Impermanence. Death. Liberation.
Impermanence. Death. Liberation.
I was stunned recently when a friend told me that a former classmate of hers had suddenly lost her partner through a freak accident at home. In the space of 10 days they went from being a normal, happy family to having a memorial service. The suddenness of this took my breath away. It also reminded me of the truth of impermanence which suggests that everything is constantly changing, and that the only thing that is truly permanent is change itself.
So often there is a sense of us desperately clinging onto various aspects of our lives - our relationships, our homes, our jobs, our bodies. We so want to make these parts of our lives solid and real and permanent. Yet they resist our holding on - they just keep endlessly changing. Certainly the recent global economic downturn has shown us this in terms of our financial lives!
How can we begin to be more comfortable with the notion of change, of impermanence? If you really think about it, it's such a natural occurrence in life but we are not taught to see it this way. We may rejoice in the changes of the seasons and embrace the cyclical rhythms of the natural world, but we cannot see this in our own lives.
What if we began to look at our lives more carefully, or even examined just one day? Are we truly conscious of all of the many changes and transitions that take place over the course of a day? So many experiences and interactions in a day are born, live for while, and then dissolve away. This is just the nature of life and living.
If we can begin to notice and accept these moment-to-moment transitions and changes throughout every moment of life, we will become much more comfortable with the powerful transition that takes place at the end of life. What would it be like if we were able to invite in each transition, each change, each moment of life, each breath, be truly aware of it, let it live for while, and then release it, let it go, having fully experienced it? If we are able to do this, perhaps at the end of life the only thing we will need to let go of is the last experience, the last transition, the last breath.
The experience of my friend's classmate who suddenly lost her partner is a reminder that none of us truly knows when our own death will occur. We may get lost in denial and fear around wanting to look at these difficult issues, and yet many wisdom traditions suggest we should keep the reality of death and dying very present in our lives.
Just think for a moment: if you knew, beyond any doubt, that you would die in the next six months, what changes would you make in your life? What would be most important for you to complete? Is it the healing of a relationship, a trip to a long-treasured destination, or a deepening of your spiritual practice? Whatever it is for you, don't put if off! Anyone reading this article may not even have six months. Who have you not forgiven? What is left undone? Who have you not told that you love them? Please consider this deeply.
These are some of the important topics we will explore in the Death and Dying Unit in TAC’s Spiritual Director Training Program. Stephen Levine, one of the great writers in this field, says that for any other trip we take we would do a lot of preparation - checking maps, getting a passport, booking tickets, etc. But for this most profound transition that we will make at end of life, we are often ill-prepared. We cannot afford to delay this work any longer.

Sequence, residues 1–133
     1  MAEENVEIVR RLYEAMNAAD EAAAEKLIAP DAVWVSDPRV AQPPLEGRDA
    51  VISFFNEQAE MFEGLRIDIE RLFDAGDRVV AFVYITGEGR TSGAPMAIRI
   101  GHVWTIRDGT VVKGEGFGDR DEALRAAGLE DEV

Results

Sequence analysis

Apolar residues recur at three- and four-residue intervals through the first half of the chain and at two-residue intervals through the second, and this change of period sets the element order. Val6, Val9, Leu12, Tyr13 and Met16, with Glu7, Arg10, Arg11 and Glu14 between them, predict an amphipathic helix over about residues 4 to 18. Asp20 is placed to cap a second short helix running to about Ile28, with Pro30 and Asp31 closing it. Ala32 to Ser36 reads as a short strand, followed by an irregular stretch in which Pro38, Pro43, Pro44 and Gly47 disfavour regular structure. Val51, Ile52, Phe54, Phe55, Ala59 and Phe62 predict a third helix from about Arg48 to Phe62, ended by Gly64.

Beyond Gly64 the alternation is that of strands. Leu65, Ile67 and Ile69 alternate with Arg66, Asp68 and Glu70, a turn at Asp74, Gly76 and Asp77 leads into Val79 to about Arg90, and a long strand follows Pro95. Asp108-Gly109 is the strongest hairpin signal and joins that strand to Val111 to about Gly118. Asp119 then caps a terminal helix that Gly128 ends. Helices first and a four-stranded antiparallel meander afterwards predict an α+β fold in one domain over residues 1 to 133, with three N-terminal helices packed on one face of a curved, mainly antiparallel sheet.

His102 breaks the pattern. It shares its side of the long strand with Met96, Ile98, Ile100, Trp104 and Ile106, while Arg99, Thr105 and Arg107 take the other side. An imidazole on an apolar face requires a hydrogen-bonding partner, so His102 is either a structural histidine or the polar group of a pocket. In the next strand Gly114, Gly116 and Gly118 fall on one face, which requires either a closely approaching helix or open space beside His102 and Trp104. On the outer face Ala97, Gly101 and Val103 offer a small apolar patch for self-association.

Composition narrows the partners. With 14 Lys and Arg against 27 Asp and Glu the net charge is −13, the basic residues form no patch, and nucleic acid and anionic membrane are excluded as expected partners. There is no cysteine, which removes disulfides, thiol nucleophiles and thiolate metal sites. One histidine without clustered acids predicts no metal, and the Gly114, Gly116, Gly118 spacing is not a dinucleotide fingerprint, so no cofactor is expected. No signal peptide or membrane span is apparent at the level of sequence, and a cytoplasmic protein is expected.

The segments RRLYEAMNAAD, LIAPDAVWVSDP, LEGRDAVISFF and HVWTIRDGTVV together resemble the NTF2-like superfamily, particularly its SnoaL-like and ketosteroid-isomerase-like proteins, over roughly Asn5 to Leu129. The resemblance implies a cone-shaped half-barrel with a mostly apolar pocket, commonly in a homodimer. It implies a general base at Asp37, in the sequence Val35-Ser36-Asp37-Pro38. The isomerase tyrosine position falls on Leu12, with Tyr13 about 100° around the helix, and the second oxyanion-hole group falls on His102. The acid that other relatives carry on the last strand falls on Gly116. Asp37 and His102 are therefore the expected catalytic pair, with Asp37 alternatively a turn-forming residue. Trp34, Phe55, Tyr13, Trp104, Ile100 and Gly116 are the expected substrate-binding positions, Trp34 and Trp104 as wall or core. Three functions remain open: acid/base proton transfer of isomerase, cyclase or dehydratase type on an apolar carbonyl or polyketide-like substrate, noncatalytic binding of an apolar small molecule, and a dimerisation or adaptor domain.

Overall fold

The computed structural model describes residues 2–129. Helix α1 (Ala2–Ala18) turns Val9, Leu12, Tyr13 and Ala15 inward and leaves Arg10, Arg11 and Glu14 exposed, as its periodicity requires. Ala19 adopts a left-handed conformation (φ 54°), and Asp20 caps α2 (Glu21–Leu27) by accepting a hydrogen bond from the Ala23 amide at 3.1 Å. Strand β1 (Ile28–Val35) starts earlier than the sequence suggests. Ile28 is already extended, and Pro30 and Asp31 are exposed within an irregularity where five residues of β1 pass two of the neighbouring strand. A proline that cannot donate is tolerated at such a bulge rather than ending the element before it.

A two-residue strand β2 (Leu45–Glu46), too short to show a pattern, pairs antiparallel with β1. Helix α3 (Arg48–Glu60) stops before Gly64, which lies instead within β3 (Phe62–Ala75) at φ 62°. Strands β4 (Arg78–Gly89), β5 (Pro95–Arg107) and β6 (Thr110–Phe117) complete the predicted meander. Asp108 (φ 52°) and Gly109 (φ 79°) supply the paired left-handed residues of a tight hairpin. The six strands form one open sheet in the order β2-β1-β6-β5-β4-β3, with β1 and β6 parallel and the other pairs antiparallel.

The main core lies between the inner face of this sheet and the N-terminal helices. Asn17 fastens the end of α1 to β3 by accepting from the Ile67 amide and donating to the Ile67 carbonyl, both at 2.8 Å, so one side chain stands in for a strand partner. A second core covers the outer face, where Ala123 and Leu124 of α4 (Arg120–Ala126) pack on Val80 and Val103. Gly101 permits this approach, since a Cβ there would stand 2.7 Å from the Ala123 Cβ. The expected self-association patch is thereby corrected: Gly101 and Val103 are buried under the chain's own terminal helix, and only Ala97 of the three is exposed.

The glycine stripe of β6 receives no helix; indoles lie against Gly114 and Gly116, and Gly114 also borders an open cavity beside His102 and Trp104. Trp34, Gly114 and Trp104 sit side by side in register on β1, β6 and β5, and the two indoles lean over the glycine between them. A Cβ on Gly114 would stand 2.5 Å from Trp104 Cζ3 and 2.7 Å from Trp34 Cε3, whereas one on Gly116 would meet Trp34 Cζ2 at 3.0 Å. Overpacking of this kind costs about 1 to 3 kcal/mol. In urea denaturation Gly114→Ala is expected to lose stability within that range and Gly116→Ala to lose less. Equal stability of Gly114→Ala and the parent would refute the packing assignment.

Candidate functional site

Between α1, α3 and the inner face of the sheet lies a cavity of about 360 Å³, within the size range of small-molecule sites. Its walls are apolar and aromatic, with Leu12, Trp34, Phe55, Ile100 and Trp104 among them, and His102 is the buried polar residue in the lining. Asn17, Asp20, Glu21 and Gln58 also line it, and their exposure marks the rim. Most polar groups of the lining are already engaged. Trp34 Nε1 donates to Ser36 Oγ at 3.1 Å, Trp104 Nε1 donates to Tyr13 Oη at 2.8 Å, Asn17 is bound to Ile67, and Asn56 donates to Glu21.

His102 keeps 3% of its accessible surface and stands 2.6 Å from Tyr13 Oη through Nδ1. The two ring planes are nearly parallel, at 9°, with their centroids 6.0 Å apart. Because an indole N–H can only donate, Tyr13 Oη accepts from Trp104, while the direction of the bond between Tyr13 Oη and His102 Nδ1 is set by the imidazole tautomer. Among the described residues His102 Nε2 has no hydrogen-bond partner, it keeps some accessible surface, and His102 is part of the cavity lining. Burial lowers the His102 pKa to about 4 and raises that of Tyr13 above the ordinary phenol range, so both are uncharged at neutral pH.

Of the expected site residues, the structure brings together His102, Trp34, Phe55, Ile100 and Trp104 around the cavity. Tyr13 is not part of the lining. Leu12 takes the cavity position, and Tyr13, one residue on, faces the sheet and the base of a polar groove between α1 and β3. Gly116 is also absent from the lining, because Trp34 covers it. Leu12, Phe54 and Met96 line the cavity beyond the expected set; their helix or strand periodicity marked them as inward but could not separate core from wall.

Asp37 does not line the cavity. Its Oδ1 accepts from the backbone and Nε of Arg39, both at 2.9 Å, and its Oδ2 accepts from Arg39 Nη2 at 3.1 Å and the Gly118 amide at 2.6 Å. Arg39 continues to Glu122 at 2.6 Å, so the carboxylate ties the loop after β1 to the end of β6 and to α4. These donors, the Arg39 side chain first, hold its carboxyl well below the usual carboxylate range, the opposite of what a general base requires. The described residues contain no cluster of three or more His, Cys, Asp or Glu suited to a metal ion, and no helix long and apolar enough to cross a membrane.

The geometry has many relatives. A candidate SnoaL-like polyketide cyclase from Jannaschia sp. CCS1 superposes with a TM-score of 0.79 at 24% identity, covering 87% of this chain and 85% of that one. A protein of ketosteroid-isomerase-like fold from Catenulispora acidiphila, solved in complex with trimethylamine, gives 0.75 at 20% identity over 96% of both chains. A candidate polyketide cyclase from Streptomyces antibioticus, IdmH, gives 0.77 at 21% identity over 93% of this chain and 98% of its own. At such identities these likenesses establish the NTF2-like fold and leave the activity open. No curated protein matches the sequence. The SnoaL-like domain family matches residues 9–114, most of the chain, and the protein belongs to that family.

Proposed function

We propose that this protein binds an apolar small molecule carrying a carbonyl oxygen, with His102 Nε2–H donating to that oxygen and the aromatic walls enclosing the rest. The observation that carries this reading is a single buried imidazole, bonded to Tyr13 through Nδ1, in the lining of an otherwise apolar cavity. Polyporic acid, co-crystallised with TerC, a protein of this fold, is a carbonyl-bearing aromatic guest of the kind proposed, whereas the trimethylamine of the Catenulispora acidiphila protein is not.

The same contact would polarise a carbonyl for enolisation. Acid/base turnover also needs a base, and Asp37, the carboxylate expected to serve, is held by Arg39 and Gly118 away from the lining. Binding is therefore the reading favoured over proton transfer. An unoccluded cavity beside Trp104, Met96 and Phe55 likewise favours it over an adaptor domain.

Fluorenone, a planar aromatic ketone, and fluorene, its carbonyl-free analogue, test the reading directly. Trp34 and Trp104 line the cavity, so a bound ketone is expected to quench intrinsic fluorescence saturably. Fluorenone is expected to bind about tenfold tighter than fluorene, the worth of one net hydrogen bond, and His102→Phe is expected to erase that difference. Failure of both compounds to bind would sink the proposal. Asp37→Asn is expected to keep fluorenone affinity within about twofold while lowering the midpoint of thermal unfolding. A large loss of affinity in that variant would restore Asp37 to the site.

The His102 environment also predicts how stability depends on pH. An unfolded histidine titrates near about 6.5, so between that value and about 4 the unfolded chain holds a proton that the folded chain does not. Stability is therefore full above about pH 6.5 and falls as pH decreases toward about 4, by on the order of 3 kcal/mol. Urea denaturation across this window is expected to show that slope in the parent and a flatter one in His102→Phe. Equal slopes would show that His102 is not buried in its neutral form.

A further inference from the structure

Some of the areas that will be covered in this Unit include:
- opening up to an exploration of conscious living and conscious dying by examining our denial and fears around death and dying, and how our lives might change if we knew we only had a short time to live
- finding new ways to turn toward death rather than away from it, and seeing impermanence all around us
- looking at practices and rituals around death and dying from various faith traditions around the world
- learning to embrace our mortality with compassion and pondering what a "good death" might entail
- examining such difficult topics as suicide, assisted suicide and euthanasia
- understanding the importance of caring for ourselves as we learn how to simply "be" with the dying and honour their needs.
Some people are immobilized by the seeming finality of death and dying, but a number of spiritual traditions point to other truths. The Buddha, using the metaphor of a flame, said that when the fire of our unwholesome desires, ill will and delusions are finally burnt out, the flame has not died away, but has been liberated. In a similar vein, Nobel laureate Rabindranath Tagore said: "Death is not the extinguishing of the light, but the blowing out of the candle because the dawn has come."
Whatever your beliefs, this is work than cannot be put off any longer. Please join us in this remarkable program and essential training. One of the unexpected benefits of these explorations is that by truly confronting what may be our deepest fear, by looking directly yet compassionately at our mortality, we will have come to terms with what it means to be human. And this will inevitably and profoundly change our living as well as our dying.
The ten-month Spiritual Director Training Program, including the seven-week unit on conscious living and conscious dying.
John Pollard, MA, is a spiritual director and psychotherapist, teaching and counselling at Transformational Arts and in private practice. He can be reached at firstname.lastname@example.org or at Transformational Arts at 416-484-8275, ext. 50.